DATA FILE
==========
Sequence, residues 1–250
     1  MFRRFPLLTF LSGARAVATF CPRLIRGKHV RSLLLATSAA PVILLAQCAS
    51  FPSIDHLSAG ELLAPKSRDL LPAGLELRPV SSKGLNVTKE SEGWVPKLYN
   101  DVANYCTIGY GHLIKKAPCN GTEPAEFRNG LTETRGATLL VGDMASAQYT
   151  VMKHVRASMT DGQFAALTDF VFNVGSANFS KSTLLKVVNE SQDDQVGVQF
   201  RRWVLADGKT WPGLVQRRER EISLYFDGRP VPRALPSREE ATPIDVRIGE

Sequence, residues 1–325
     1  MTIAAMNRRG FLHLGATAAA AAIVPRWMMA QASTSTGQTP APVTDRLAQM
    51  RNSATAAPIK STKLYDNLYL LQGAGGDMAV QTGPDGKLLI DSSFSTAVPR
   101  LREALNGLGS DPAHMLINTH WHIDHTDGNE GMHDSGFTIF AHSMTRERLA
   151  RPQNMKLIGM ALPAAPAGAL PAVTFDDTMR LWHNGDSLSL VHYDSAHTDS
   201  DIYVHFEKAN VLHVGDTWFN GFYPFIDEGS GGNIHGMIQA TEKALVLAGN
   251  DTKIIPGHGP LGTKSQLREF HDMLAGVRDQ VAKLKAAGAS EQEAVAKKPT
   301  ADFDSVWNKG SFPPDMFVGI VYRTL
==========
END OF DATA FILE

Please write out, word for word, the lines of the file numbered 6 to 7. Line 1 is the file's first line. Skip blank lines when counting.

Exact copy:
   201  RRWVLADGKT WPGLVQRRER EISLYFDGRP VPRALPSREE ATPIDVRIGE

Sequence, residues 1–325